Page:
A DEVASTATED widow claims her husband could still be alive today if doctors had diagnosed his mouth cancer earlier.

Hunger Hill cleaner Christopher Caton died in July last year aged 56 after suffering with oral health problems which were not recognised as cancer for more than a year.

His wife Patricia Caton is now taking legal action against the Royal Bolton Hospital NHS Foundation Trust and is desperate to raise awareness of the disease’s warning signs.

The 54-year-old, who is also a cleaner, said: “When we were told Chris had cancer, we were devastated.

“He asked doctors was he going to die – and little did he know, he had just five weeks left.

“If the cancer had been caught earlier he would probably still be alive today.”

Mr Caton was a regular attendee at the dentist and it was during a routine appointment in May 2013 that his dentist noticed a small white lump at the side of his gum.

The stepfather-of-two was referred to the Royal Bolton Hospital for the tooth to be extracted – undergoing the procedure in December that year.

But, with part of the tooth’s root left in Mr Caton’s mouth, the wound did not heal.

He noticed a bad smell coming out of his mouth, was in pain, had difficulty eating, and lost weight.

Mr Caton went back to the Royal Bolton Hospital numerous times in 2014, but Mrs Caton claims he was simply advised to wash his mouth with salt water and told the wound would heal in time.

He eventually had surgery to remove the roots of the tooth on May 30 but, after further tests, he was given the news he had mouth cancer.

Mr Caton underwent 18 hours of complex surgery on June 30 and July 2, as medics attempted to remove the tumour and parts of his jawbone and carry out a neck resection.

But these failed, and as Mr Caton recovered from a third operation at the Royal Blackburn Hospital on July 9, he suffered a stroke.

Despite initially having some communication with his family, on the morning of July 12 Mr Caton’s relatives were told he would not regain consciousness and he died that evening.

Mrs Caton, who lives in Hunger Hill, said: “There is never much in the news about oral cancer and its warning signs.

“If we had suspected to look sooner, we could have stopped Chris from dying.

“It is too late for Chris now, but perhaps we can help others in future.”

Heather Edwards, head of communications at Bolton NHS Foundation Trust, said: “We understand Mrs Caton’s concerns and very much support her wish to raise awareness of oral cancer.

“Mrs Caton made a formal complaint to the hospital about the timing of her husband’s treatment and diagnosis.

“We have met with Mrs Caton and other members of the family and also shared with them the findings of our review of the care provided and our action plan to improve practice in the future.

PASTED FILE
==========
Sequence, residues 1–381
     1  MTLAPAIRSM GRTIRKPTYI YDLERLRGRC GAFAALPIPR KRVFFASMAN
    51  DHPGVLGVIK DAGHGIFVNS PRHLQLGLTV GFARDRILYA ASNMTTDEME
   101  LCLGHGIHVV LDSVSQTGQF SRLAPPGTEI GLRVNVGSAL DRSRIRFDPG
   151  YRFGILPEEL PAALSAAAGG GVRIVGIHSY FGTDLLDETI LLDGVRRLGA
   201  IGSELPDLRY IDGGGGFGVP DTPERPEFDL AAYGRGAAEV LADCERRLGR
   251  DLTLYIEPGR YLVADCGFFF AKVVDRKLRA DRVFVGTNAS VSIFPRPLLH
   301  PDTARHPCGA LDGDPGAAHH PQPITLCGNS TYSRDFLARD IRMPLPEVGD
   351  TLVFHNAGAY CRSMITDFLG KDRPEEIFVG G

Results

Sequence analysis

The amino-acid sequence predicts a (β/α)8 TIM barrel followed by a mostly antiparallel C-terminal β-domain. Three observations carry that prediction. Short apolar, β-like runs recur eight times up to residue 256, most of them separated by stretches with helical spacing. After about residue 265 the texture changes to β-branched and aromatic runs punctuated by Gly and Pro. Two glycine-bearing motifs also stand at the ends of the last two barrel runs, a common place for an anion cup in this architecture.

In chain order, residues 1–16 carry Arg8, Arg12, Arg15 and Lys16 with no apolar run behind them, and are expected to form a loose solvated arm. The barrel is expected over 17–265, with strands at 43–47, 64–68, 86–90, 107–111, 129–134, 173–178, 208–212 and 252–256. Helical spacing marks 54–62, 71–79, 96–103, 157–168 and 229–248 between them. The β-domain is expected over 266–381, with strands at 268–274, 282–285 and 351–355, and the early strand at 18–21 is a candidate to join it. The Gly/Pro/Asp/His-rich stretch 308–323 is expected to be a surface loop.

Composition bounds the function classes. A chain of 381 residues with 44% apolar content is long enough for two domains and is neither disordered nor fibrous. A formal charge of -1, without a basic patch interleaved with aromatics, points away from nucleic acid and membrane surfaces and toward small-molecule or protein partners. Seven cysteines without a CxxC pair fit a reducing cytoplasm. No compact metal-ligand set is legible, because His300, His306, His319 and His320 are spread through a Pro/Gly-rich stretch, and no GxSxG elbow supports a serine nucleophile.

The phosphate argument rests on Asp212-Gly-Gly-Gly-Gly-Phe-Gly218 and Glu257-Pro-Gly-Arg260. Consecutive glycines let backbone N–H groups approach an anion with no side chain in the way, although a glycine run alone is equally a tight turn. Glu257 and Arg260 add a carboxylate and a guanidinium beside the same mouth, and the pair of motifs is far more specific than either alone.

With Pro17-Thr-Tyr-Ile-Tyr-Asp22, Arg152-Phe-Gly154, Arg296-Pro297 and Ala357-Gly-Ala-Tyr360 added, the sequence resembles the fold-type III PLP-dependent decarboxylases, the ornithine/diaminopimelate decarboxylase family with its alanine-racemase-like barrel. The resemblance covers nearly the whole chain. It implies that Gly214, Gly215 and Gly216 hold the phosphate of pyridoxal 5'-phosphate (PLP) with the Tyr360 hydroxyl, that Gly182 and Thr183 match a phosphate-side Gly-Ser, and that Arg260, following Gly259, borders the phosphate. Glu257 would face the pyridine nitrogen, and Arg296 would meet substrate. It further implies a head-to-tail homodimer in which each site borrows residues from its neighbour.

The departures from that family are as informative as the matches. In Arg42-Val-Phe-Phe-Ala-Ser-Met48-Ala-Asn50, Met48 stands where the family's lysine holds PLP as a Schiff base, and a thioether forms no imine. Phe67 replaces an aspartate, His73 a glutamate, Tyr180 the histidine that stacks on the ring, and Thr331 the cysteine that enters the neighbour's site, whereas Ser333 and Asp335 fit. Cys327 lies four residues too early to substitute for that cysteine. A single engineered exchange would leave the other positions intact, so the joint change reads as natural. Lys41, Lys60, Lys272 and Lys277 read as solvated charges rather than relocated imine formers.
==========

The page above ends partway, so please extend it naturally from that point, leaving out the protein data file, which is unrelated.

“We have not received formal notification that the family is intending to take legal action.

“The trust offers its deepest condolences to the Caton family for their loss, and is fully committed to ensuring that everything possible is done to learn from this sad event.”

Mark Havenhand, a specialist medical negligence lawyer at Irwin Mitchell, who is representing Mrs Caton, said: “Although the case is at an early stage, we are investigating Christopher’s care to determine whether more could have been done to diagnose his mouth cancer sooner, which may have given him a better outlook.”

Mr and Mrs Caton were married 17 years. He was stepfather to her children Kevin and Emma Cornwell, aged 30 and 24, and grandfather to 10-year-old Jessica Billington and six-year-old Leyton Henry Cornwell.

Last year the family raised more than £725 for the Mouth Cancer Foundation, and Mrs Caton is determined to raise £1,000 for the charity this year.

In September she will complete a 10km sponsored walk in Hyde Park in London alongside Emma, her daughter-in-law Nichola Billington, cousin Kathryn Richards and “little star” Jessica.

Mouth Cancer Foundation statistics suggest almost 8,000 people are diagnosed with oral carcinoma each year. Treatment is usually via surgery, chemotherapy or radiotherapy.

The NHS describes the warning signs as red or white patches on the gums, tongue or lining of the mouth, and ulcers and lumps that do not heal within three weeks.

Dr Vinod Joshi, founder of the Mouth Cancer Foundation, said: “Head and neck cancers are particularly vicious when detected late.

“Early detection not only saves lives but is less debilitating, and this reduces the cost to the NHS dramatically.”